Trade shows and conferences are a great opportunity for your firm, but exhibiting can be a waste of time if you don’t approach it strategically.
As we look ahead to the rest of the year, it’s more important than ever to think strategically about your marketing spending. Trade shows are excellent opportunities to network, develop business relationships, and get face-time with potential clients. Not all trade shows are created equal however, and some just aren’t worth the investment. In order to maximize your trade show experience, you need to think strategically.
Go/no-go evaluations. Before a trade show even begins, it should be evaluated using a thorough go/no-go process, even if you’ve attended the show in the past. It’s important to fight the urge to exhibit just because “we’ve always done so.” Trade shows take a lot of time, money, and effort, so you need to prioritize the most impactful shows. The best trade shows offer a combination of exposure and brand awareness alongside an opportunity to build relationships with new and existing clients. Ask yourself some questions before you commit to exhibiting, such as:
- What goals do we hope to achieve by exhibiting?
- Are there key clients or decision makers in attendance?
- What brand or media exposure do we get beyond the physical exhibit booth?
- Is this a market or sector we are looking to grow in the next year?
- Is this a region or state where we have a presence? Is it a region or state we would like to enter?
- Will our competition be there?
- Are there less expensive and more effective ways to participate, such as networking as attendees, hosting a conference party, or presenting at a panel or session?
For a trade show to be worthwhile, more than one of the evaluation criteria should be met. A trade show in a key market isn’t a good investment if it’s for a region outside your firm’s purview. A trade show with no decision makers in attendance isn’t worthwhile just because your competitors plan to attend. At BL, we’ve even stopped exhibiting at trade shows that looked good on paper, because the exhibit floor was consistently hidden and none of the attendees ever stopped by any booths. You need to prioritize the shows that will be most impactful.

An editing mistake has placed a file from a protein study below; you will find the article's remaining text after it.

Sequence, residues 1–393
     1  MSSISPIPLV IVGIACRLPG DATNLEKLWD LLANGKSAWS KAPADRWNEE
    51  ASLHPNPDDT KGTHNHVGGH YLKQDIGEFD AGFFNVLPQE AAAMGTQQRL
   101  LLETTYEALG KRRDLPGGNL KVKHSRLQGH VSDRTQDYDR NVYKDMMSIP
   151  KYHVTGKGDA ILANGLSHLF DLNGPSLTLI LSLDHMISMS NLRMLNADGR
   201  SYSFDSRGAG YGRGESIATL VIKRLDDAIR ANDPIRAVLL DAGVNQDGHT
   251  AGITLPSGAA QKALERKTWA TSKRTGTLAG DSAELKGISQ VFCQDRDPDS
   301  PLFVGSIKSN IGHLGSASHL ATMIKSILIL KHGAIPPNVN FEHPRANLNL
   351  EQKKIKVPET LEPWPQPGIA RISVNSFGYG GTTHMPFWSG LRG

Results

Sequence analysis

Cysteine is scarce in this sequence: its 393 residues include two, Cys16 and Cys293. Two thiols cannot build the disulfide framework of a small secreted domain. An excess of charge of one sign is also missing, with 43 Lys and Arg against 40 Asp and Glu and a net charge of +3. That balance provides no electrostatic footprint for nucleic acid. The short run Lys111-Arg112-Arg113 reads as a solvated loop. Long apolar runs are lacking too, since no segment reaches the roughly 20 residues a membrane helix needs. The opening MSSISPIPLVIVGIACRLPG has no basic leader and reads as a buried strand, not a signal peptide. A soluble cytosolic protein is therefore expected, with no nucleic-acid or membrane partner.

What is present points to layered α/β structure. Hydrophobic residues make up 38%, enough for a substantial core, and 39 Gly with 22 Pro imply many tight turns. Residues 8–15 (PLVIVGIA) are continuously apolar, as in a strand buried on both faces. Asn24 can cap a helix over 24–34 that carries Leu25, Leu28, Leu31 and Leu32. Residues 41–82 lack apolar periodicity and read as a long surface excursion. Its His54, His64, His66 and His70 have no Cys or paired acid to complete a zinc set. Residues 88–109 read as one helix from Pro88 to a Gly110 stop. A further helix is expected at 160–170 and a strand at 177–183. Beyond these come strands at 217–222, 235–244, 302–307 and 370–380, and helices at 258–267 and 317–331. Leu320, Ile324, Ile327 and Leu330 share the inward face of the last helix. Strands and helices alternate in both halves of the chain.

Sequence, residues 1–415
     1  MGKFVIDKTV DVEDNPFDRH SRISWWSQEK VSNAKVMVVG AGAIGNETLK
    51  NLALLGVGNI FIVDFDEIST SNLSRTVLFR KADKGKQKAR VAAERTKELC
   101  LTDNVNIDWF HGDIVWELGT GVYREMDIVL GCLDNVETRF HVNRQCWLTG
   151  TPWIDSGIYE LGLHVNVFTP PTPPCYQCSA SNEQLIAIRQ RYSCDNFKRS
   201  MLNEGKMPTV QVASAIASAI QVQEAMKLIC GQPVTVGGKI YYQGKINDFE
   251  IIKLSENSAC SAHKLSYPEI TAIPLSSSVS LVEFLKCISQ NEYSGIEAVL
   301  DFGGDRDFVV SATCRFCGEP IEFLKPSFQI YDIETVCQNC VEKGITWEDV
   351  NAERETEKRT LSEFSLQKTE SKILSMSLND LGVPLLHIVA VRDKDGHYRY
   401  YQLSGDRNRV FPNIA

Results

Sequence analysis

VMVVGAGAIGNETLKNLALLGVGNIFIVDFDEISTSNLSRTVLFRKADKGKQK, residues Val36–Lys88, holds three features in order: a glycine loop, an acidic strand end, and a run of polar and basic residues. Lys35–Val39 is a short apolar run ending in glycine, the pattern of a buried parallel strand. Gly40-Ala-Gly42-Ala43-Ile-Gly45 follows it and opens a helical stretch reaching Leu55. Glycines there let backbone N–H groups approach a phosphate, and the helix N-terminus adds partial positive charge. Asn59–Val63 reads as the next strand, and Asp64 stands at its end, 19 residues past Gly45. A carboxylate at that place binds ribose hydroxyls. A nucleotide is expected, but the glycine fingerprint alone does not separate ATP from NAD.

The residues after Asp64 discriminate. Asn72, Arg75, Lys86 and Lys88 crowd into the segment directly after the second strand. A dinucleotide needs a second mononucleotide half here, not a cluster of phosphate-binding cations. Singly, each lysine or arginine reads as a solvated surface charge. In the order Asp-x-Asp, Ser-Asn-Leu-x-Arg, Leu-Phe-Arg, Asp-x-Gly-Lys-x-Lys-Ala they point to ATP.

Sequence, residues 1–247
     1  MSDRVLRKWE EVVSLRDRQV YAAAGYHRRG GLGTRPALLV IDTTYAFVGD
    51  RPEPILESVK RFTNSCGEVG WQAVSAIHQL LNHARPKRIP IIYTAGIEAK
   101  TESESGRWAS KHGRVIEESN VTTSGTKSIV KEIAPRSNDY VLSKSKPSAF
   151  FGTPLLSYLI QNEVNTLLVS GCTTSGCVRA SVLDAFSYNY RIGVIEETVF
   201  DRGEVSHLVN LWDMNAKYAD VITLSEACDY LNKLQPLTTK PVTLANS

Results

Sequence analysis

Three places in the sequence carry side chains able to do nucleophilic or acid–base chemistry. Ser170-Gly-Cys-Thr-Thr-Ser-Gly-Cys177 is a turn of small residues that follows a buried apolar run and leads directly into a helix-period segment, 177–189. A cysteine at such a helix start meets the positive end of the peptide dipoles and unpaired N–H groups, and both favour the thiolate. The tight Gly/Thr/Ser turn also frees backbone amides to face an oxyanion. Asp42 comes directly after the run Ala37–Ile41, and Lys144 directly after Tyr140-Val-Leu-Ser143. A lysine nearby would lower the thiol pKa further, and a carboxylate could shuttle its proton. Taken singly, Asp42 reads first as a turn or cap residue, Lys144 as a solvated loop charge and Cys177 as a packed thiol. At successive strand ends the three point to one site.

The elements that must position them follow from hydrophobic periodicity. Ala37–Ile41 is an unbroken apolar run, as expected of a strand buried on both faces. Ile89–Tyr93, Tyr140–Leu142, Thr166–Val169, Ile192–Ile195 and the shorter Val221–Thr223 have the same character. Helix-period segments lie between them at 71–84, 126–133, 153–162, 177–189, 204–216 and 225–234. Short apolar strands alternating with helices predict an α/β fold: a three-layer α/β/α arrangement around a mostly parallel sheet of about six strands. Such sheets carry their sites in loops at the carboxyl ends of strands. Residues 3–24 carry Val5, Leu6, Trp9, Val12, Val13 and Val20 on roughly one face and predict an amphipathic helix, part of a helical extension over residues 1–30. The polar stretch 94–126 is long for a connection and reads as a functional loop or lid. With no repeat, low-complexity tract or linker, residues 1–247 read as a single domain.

Pre-show planning. Once you’ve determined that a trade show is worthwhile, it’s time to create an action plan to maximize that investment. If you go into a trade show without a plan, your staff won’t know where to focus their energy, and it will be hard to know if your exhibit was even successful. What the action plan entails will differ depending on your goals, but there’s some key things to look at regardless of what you want to achieve.
- Try to get a list of attendees so you can identify key contacts to prioritize connecting with during the conference. You don’t want to miss out on a great potential client because you didn’t know they were there.
- Train staff so they know how to be engaging and open to conversation. Nothing kills a booth faster than staff who are closed off, distracted, or otherwise poor communicators. Trade shows should grow your brand, not hurt your reputation.
- Design the right booth. Exhibits should draw people in and keep them interested, so your staff can make a real connection. Raffles, new or exciting technology, or even a popular giveaway can be a great way to attract attention. At BL, we’ve had some great success just by hosting a game at our booths. It’s a nice way for attendees to unwind between sessions, and our staff get a chance to talk to folks while they wait for their turn to play.
- Create some pre-show communications (e.g., social media posts, e-blasts, etc.) to further brand exposure and drum up excitement for your booth.
Post-show activities. Once a trade show has ended, it’s important to follow up with any potential clients, teaming partners, and leads. Don’t let new contacts go to waste. It’s also important to conduct a debrief with any staff who attended while the conference is still top of mind. Ask them about attendance, engagement, and specific outcomes. Was the exhibit hall well attended? Did clients stop by? Were goals met? If not, why? The answers collected during the debriefings will help determine if the trade show was indeed worth the investment. Additionally, it can give you an idea of where your own shortcomings are and where you can improve for the next show.
At the end of the day, trade shows and conferences are a great opportunity and exhibiting can be a great way to maximize those events. But exhibiting is a wasted opportunity if you don’t approach it strategically.
Julia DeFrances is a senior marketing coordinator at BL Companies, Inc. She can be reached at firstname.lastname@example.org.